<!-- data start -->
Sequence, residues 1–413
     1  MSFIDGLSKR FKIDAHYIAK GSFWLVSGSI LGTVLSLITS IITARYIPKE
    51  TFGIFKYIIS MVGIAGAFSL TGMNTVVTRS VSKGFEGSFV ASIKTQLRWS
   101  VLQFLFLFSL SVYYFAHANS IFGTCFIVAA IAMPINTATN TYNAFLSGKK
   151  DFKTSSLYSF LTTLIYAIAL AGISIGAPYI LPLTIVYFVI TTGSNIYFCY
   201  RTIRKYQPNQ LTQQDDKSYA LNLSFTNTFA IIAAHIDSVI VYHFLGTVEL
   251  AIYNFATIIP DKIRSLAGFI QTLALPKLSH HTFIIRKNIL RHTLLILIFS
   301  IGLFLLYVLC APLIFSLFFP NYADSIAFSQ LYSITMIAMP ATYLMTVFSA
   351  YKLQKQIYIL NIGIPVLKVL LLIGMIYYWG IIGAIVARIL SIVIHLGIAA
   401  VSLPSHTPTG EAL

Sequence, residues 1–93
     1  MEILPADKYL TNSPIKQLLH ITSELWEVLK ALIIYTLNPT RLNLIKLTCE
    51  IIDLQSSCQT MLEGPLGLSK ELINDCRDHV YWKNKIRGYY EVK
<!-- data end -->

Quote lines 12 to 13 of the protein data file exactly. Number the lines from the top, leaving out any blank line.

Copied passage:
     1  MEILPADKYL TNSPIKQLLH ITSELWEVLK ALIIYTLNPT RLNLIKLTCE
    51  IIDLQSSCQT MLEGPLGLSK ELINDCRDHV YWKNKIRGYY EVK